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Flaws Found In Nuke Safety Drills

Federal inspections and security exercises at commercial nuclear power plants often overstate the level of protection and reduce the likelihood of security improvements, according to congressional investigators.

The report said that the Nuclear Regulatory Commission's inspection reports were found to not include incidents such as a guard found sleeping or falsification of security logs as security violations.

It also said that attack exercises that are supposed to test a plant's ability to detect and repel a mock terrorist assault often are staged in such ways that they provide false assurances about a facility's security.

The findings by the General Accounting Office, the investigative arm of Congress, mirror claims made by nuclear industry watchdog groups and some industry whistle-blowers. They maintain that security at nuclear power plants, despite some recent attempts at improvement, cannot deal with a sophisticated, well-armed terrorist attack.

Neither NRC officials or industry representatives could be reached immediately. The report was released late Wednesday.

In the past, industry representatives have said they have made major improvements in security since the attacks of Sept. 11, 2001.

NRC officials have defended their inspection program and exercises as providing valuable experience and information that is used to improve reactor-site security. They argue if it made too realistic and no advance notice is provided an exercised could end up with someone being shot.

But Reps. Edward Markey, D-Mass., and John Dingell, D-Mich., who requested the report, said the findings demonstrate that not enough has been done to assure that nuclear power plants are being safeguarded against terrorists.

Congressional investigators have "documented a disturbing pattern of lax NRC oversight and inattention to security at these sensitive facilities," said Markey, a senior member of the House Homeland Security Committee and a frequent critic of the NRC.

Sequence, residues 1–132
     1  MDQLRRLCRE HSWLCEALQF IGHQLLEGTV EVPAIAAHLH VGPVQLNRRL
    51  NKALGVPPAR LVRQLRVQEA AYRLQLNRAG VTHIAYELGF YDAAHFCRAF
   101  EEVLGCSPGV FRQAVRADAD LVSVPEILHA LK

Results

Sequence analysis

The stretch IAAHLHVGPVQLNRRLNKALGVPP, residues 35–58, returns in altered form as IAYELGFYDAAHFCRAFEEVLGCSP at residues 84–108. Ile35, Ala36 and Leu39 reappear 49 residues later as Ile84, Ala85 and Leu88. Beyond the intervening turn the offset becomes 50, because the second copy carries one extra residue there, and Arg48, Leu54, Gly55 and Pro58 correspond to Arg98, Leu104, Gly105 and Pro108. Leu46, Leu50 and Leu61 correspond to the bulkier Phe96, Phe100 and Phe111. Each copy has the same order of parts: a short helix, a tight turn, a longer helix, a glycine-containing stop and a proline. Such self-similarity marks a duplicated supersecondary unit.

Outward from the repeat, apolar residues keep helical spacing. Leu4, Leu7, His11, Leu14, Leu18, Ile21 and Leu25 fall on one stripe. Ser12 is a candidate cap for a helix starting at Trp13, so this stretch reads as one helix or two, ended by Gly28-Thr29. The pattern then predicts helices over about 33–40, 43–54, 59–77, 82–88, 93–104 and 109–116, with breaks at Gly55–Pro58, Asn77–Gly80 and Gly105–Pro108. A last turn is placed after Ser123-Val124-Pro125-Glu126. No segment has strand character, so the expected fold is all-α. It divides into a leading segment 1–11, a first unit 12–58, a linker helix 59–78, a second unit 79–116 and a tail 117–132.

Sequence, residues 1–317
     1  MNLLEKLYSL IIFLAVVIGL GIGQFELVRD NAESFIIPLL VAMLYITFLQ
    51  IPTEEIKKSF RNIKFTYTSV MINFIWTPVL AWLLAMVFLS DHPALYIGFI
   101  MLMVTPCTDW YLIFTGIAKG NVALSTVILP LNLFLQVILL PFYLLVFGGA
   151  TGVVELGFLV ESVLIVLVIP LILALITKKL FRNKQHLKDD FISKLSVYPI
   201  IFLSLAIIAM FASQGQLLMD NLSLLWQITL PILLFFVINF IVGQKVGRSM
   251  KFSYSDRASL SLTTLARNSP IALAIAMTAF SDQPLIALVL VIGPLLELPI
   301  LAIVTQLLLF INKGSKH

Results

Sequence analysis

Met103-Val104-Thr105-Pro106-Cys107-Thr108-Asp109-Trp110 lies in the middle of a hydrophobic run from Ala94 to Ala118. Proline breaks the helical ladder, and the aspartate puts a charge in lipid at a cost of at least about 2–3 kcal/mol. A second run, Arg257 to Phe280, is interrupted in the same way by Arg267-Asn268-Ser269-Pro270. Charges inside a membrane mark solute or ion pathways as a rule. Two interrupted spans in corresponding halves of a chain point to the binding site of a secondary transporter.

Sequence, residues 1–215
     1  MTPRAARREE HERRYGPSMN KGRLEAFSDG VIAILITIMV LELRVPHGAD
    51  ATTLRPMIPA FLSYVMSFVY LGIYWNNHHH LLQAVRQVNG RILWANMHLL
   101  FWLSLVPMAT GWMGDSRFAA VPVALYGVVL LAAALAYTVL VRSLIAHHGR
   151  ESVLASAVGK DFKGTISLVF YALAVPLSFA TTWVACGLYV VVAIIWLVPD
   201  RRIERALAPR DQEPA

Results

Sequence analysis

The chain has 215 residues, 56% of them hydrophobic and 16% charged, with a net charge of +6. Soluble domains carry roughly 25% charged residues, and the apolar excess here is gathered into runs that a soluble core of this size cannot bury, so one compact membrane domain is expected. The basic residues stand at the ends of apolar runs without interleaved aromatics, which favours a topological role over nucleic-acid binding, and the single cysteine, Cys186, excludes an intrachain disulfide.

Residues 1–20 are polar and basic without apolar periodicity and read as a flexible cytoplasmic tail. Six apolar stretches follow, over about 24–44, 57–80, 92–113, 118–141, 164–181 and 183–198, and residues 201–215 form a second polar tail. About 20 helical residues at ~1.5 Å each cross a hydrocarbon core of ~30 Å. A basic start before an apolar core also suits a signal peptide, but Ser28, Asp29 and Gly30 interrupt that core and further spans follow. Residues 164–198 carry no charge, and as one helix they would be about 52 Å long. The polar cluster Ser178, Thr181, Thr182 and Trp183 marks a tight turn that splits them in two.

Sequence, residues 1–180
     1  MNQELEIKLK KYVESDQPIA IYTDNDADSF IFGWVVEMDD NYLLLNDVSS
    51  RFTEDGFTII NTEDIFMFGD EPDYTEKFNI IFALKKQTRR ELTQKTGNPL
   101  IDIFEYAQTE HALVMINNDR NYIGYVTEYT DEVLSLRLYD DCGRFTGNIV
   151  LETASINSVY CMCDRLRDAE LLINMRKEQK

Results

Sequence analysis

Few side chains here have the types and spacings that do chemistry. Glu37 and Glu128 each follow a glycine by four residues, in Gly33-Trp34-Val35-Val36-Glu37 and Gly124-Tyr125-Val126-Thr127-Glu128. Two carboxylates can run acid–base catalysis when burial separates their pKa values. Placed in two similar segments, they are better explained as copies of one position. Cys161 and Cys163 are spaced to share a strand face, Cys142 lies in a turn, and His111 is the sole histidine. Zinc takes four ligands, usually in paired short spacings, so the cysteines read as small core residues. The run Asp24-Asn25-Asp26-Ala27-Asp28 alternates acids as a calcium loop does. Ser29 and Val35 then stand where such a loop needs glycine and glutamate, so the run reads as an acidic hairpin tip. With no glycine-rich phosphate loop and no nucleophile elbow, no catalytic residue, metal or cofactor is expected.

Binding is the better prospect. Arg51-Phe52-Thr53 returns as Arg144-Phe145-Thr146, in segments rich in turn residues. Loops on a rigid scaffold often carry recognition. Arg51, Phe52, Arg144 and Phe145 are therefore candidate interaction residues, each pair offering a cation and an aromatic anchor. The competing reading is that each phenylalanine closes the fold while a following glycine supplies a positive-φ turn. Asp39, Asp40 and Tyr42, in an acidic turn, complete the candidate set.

Dingell, ranking Democrat on the Energy and Commerce Committee, which has jurisdiction over the nuclear agency, said the report is "a makeup call to the NRC that they need to change their attitudes about nuclear security."

The report was particularly critical of the NRC's annual security inspections, saying that they "may overstate the level of security" at power plants by not citing certain shortcomings and by not assuring that failures are fixed.

It cited as one example a case where a security guard was found asleep on duty for more than half an hour. The NRC inspector called it a "non-cited violation" because no attack had taken place and because the incident appeared not to be a regular occurrence.

As to the mock exercises, investigators said they did not reflect "the real life" ability of guard forces to defend against actual terrorist threats. For example, according to the report, the NRC exercises:

  • allow plant operators advance warning. On the night of the mock attack, they often have as much as 80 percent more guards on duty than normal.
  • often use "mock terrorists" not trained in terrorist techniques including at times off-duty plant managers and guards who may have a vested interest in how the tests turn out.
  • allow attackers to use "unrealistic weapons" such as rubber guns that do not accurately reflect attack situations.
Industry officials have defended the exercises and have said that some degree of warning has to be given and limits have to be made on how realistic the exercises are, or someone is likely actually shot someone and possibly get killed.

Peter Stockton, an investigator for Project on Government Oversight, a private watchdog group that has raised many of the same security issues as cited by the GAO, said he found it "mystifying" that guard forces could be inflated for the mock exercises.

According to the NRC, there are 104 nuclear power plants in the United States, providing about a fifth of the power Americans use.

Since Sept. 11, unease has grown about some nuclear plants' vulnerability to attack. In New York State, worries that the evacuation plan for the area around the Indian Point plant led state officials to refuse to certify the plan. A federal agency later certified it.